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Turk Kardiyol Dern Ars. 2019 Jan;47(1):38-44. doi: 10.5543/tkda.2018.68792.

Predictors of in-hospital mortality in very eldery patients presenting with acute coronary syndrome: A single-center study.

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Department of Cardiology, Pamukkale University Hospitals, Denizli, Turkey.



Acute coronary syndrome (ACS) has become more frequent in the elderly population due to increased life expectancy. The aim of this trial was to determine clinical and laboratory factors related to in-hospital mortality in patients over 80 years of age who presented with ACS.


A total 171 patients (86 men, median age 83 years) who were over 80 years of age and were hospitalized due to a diagnosis of ACS were enrolled in this study. The patients' demographic data, clinical features, and laboratory values were screened retrospectively from hospital records.


During the follow-up period, 19 of 171 patients (11.1%) died. The causes of death were cardiogenic shock (n=6, 31.5%), acute renal failure (n=6, 31.5%), arrhythmia (n=4, 21%), and septic shock (n=3, 15.7%). ST-segment elevation myocardial infarction presentation was more common among those who died [14 (73.7%) vs. 31 (20.5%); p<0.001]. Patients who died during in-hospital follow-up also had higher peak troponin [3.1 ng/mL (7.2) vs. 0.3 ng/mL (1.6); p<0.001] and creatine kinase-MB levels [96.7 ng/mL (194) vs. 10.9 ng/mL (36.2); p<0.001]. The results indicated that a high Global Registry of Acute Coronary Events (GRACE) risk score [odds risk (OR): 1.074, 95% confidence interval (CI): 1.039-1.110; p<0.001], ejection fraction (EF) ≤40% (OR: 8.113, 95% CI: 1.101-59.773; p=0.040), or no use of an angiotensin-converting enzyme inhibitor (ACEI)/angiotensin receptor blocker (ARB) (OR: 0.075, 95% CI: 0.006-0.995; p=0.049) was significantly associated with in-hospital mortality.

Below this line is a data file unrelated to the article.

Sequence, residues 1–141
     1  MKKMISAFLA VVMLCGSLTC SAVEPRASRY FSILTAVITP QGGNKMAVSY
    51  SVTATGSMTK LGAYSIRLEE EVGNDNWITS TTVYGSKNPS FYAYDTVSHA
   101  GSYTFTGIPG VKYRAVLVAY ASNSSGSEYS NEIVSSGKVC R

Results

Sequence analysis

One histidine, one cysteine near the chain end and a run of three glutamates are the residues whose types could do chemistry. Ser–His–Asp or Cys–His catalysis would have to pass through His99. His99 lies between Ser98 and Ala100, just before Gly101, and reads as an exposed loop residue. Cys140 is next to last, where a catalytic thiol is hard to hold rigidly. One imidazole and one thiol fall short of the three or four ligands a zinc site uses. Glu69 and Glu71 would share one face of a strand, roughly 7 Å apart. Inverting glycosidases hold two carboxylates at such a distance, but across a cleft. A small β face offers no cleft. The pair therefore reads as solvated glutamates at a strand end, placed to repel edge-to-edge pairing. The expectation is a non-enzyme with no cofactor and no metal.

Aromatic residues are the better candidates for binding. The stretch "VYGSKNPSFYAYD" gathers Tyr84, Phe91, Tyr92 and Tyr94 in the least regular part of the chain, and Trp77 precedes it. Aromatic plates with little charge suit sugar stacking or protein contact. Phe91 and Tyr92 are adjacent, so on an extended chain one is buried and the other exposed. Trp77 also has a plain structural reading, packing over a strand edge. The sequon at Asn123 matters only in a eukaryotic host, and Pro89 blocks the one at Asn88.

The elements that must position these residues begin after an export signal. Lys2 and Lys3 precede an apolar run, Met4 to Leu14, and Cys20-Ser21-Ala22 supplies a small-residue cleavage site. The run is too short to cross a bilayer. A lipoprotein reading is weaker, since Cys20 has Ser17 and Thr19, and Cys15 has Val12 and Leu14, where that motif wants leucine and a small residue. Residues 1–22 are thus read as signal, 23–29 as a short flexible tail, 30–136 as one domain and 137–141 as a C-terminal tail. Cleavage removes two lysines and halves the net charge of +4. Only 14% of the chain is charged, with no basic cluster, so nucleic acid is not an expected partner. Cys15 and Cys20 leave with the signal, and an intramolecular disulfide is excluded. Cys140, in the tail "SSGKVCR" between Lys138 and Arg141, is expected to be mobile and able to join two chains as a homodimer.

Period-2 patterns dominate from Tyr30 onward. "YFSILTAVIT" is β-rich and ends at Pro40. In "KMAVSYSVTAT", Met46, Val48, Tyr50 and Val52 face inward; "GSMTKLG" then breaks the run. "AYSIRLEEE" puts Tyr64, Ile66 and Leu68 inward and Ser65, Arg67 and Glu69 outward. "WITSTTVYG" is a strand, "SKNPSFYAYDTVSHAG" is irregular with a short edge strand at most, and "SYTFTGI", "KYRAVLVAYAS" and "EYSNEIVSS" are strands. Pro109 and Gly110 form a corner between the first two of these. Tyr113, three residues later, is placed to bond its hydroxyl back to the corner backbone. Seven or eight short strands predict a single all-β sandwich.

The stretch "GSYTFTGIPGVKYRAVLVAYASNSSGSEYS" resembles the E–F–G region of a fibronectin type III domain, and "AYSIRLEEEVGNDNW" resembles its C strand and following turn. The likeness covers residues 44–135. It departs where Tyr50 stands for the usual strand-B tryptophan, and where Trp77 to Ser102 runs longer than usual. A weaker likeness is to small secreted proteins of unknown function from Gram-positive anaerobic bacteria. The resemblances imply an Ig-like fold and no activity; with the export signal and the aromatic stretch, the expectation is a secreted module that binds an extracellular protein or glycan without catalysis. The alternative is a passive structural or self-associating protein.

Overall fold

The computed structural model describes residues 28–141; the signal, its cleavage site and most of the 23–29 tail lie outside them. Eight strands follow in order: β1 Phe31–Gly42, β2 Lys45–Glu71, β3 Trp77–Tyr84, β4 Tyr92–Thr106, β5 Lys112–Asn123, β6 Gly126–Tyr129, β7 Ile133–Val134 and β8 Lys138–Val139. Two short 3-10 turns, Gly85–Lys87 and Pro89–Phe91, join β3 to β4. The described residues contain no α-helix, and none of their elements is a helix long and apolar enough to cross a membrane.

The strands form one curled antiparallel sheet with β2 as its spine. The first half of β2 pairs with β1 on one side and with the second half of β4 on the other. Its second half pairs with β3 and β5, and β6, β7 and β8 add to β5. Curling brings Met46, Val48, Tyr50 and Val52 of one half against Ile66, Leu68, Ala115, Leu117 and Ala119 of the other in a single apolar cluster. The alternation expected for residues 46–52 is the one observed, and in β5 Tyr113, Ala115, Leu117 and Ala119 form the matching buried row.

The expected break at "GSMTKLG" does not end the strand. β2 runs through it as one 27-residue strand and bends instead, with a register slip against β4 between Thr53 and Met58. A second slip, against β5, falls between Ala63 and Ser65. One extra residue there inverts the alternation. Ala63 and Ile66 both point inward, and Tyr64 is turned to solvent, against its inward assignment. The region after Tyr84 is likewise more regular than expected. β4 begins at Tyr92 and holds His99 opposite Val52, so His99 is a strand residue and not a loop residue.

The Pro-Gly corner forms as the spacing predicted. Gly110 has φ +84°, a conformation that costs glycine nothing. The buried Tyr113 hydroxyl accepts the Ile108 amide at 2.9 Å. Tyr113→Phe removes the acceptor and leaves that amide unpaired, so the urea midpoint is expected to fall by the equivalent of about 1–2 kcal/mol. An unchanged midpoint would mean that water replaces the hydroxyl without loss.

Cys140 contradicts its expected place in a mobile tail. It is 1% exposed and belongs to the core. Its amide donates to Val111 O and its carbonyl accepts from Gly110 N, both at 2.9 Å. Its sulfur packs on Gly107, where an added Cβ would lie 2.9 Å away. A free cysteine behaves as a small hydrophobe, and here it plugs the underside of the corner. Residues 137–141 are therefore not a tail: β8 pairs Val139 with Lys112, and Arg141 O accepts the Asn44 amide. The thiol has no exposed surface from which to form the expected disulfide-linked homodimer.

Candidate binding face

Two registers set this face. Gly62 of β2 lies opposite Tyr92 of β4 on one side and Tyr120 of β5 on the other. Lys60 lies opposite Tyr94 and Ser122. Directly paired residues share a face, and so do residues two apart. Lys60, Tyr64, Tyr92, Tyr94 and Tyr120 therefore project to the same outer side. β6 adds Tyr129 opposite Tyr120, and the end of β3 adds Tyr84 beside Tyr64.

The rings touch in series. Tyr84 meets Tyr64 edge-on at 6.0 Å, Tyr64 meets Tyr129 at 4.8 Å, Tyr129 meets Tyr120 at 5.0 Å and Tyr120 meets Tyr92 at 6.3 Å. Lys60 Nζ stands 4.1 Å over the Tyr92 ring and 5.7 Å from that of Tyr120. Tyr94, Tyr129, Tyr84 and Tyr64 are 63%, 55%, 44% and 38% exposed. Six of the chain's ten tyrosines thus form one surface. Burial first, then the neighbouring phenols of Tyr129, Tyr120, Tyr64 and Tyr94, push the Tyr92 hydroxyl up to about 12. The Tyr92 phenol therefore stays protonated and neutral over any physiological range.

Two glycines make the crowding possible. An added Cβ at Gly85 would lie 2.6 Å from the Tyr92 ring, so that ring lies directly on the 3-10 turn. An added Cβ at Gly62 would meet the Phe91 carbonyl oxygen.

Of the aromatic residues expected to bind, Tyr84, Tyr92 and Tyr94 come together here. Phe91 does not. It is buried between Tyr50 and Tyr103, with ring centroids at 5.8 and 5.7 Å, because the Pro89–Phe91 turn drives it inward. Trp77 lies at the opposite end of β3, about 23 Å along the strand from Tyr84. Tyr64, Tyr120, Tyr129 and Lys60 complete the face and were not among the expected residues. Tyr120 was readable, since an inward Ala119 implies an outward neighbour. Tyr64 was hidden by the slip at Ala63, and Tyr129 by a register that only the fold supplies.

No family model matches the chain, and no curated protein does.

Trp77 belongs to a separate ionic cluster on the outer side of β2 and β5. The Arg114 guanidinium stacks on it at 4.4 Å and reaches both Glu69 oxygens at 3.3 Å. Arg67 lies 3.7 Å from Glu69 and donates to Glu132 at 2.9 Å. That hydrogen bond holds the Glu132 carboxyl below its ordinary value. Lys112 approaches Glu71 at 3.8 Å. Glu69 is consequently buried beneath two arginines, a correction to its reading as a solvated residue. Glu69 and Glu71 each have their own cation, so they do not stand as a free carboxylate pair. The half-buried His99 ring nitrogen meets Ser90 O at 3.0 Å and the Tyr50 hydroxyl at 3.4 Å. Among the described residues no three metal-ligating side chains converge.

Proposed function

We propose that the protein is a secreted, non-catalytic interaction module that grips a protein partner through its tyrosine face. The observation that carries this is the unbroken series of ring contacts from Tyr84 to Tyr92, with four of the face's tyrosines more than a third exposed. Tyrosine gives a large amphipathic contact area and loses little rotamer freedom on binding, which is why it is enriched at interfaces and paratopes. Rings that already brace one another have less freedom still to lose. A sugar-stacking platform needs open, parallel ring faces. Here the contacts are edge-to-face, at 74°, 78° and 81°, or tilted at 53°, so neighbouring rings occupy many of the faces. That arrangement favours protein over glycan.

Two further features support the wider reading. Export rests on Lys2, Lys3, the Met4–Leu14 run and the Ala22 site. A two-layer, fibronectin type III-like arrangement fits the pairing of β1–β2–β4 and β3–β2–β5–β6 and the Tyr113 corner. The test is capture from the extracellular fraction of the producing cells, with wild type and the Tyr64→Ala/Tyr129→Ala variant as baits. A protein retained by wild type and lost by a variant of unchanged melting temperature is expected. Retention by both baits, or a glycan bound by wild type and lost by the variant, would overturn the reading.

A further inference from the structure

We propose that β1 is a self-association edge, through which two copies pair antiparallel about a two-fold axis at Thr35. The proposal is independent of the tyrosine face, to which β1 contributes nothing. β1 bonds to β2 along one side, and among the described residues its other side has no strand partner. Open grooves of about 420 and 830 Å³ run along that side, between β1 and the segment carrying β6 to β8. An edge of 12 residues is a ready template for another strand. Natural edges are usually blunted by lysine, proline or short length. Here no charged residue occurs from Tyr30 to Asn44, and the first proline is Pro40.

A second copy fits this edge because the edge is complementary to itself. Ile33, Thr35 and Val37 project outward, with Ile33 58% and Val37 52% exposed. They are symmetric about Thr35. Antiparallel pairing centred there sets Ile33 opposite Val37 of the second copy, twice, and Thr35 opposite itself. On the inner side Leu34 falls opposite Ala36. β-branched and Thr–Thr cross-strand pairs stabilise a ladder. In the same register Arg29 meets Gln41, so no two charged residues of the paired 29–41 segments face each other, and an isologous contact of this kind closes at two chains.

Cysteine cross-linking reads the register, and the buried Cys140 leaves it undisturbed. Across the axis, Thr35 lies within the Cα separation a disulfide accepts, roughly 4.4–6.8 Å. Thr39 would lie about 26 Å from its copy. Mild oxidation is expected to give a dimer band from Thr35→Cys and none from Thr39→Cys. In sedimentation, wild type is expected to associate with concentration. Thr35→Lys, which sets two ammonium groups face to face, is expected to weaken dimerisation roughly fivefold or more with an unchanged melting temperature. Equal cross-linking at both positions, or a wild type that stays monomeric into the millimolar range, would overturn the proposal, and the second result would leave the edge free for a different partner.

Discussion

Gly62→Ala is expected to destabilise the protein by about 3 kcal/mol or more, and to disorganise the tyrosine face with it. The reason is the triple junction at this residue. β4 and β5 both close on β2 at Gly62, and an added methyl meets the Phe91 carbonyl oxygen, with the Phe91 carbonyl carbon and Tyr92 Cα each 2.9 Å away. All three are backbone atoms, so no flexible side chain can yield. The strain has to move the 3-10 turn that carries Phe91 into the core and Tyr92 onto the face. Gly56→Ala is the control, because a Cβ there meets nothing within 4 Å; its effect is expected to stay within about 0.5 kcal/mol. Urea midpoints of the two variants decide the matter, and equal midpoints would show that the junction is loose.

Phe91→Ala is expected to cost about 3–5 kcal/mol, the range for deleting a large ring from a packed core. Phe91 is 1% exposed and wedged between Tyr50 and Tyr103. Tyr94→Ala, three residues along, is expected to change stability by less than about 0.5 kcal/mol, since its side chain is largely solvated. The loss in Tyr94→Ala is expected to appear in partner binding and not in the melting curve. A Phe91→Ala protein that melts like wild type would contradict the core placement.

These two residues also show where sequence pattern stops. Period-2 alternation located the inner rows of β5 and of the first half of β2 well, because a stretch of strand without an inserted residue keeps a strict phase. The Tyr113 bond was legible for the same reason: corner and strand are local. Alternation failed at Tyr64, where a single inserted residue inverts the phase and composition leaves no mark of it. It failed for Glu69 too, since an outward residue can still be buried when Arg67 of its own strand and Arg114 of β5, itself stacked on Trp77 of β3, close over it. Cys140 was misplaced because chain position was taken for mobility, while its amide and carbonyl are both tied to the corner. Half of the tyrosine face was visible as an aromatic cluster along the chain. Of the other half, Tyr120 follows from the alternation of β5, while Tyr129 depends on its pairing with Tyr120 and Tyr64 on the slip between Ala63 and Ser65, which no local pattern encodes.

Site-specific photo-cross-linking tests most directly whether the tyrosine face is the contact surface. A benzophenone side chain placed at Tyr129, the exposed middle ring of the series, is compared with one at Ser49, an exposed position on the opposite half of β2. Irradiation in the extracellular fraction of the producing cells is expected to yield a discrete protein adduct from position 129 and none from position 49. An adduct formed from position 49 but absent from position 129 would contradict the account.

Presentation with a high GRACE risk score, no use of an ACEI/ARB, and a low EF at admission were associated with in-hospital mortality in ACS patients more than 80 years old.

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